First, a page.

Formatting and Erasing Polyphonic Music In Italian Manuscripts from 1350 to 1425
Within the corpus of Western European manuscripts containing polyphonic music, a specific Italian tradition can be distinguished in the 14th and early 15th centuries. These manuscripts contain a musical repertory that takes its name from its era, the Trecento, and consists of secular song genres in Italian (madrigals, ballatas, and caccias), as well as Latin motets and other compositions for liturgical use. The production of manuscripts with Italian-texted polyphonic songs seems to begin around 1350 without antecedents and ends abruptly around 1425. Many of these manuscripts incorporate other repertories, especially French secular song genres (ballades, virelais, and rondeaux) and different types of notation.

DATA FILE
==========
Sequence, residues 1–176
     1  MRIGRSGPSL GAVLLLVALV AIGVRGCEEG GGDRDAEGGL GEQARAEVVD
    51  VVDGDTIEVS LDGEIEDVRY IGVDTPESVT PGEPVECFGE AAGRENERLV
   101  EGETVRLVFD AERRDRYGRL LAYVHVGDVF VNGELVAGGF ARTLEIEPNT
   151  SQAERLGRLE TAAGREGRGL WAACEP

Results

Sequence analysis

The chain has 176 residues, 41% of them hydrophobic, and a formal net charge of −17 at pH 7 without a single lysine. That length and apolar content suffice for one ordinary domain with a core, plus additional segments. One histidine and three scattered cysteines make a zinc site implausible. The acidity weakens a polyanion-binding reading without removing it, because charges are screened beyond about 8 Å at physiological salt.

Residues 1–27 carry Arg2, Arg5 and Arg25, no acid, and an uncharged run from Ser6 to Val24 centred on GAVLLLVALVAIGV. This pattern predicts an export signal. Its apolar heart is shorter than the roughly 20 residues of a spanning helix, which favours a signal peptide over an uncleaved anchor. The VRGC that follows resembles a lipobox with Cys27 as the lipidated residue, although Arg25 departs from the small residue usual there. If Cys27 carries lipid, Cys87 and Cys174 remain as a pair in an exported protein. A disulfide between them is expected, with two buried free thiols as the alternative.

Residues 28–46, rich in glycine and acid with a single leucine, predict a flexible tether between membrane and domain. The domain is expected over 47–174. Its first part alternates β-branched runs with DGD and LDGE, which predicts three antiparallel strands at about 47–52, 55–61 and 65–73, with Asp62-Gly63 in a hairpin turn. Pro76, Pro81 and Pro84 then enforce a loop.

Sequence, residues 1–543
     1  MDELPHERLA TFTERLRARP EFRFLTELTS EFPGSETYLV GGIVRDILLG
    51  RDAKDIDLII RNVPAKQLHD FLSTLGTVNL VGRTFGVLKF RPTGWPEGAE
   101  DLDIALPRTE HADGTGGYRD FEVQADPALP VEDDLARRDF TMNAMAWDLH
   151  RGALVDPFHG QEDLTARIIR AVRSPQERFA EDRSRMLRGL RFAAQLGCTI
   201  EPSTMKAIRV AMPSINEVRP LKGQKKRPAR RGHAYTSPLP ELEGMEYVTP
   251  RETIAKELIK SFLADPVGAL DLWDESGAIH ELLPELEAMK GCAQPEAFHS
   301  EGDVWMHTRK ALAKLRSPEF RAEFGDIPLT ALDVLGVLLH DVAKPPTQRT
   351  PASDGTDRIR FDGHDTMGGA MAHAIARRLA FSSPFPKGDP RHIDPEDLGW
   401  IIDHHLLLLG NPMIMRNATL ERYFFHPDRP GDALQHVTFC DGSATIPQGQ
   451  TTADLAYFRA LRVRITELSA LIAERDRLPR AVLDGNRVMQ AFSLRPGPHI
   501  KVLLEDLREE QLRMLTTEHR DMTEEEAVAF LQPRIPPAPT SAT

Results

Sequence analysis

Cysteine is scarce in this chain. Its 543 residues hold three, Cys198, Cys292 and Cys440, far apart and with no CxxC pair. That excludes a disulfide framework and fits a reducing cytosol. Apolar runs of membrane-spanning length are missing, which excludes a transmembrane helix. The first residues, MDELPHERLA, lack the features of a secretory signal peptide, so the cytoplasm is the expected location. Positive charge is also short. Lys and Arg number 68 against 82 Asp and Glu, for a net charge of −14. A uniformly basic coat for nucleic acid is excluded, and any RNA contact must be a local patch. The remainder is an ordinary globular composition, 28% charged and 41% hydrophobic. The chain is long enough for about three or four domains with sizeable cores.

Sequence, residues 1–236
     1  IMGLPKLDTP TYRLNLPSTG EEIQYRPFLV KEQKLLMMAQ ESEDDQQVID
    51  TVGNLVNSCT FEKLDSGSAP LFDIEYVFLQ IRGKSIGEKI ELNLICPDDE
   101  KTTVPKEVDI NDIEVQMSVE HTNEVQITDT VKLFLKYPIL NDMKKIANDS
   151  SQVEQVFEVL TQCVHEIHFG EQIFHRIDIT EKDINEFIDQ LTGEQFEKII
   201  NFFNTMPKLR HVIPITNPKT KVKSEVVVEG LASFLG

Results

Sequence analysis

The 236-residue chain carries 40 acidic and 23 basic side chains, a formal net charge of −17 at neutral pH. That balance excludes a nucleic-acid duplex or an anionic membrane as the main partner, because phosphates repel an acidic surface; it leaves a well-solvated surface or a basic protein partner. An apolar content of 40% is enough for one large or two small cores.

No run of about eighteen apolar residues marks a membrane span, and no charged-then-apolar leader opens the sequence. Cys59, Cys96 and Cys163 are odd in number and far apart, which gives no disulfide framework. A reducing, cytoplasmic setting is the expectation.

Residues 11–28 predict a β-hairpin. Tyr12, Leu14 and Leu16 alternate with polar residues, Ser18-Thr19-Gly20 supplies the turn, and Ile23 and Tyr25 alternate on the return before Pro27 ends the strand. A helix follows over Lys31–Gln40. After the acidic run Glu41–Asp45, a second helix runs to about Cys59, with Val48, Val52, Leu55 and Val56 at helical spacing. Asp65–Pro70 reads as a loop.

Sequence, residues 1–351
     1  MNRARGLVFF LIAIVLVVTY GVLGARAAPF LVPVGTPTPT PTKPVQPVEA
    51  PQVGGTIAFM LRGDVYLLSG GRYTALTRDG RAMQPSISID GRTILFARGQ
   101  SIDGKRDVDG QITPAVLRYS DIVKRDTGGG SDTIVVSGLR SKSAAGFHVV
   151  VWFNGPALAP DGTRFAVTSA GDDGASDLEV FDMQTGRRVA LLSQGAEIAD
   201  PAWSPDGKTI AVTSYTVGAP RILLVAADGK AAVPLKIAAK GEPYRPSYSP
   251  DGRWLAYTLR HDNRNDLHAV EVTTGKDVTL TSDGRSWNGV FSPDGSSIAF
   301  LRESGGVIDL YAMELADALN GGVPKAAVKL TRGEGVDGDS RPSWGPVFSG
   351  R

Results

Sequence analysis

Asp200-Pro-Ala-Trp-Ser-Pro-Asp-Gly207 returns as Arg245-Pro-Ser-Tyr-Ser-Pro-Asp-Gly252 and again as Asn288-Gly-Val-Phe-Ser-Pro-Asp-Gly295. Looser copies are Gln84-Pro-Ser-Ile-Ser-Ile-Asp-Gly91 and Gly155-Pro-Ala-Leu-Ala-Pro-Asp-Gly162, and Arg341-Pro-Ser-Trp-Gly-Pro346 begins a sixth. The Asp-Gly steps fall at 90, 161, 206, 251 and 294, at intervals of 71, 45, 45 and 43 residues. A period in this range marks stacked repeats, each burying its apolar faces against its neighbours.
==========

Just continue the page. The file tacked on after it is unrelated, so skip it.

This project’s goal is the first comprehensive analysis of how Trecento music manuscripts were formatted before and during scribal activity (mise-en-page, notation, text underlay, and paratexts). I will focus on the multilingual artefacts that include both Italian and French polyphonic song and will discuss, in detail, the later addition of repertories as well as processes of erasure (updating, deletion) in these manuscripts. Therefore, a key component of the project is the application of multispectral imaging to recover lost music, as well as material analysis for ink and colour identification. Combining the various artefact biographies, the project will advance our understanding of Trecento music manuscript culture—including insights into transformational processes—and its relationship to other manuscript cultures.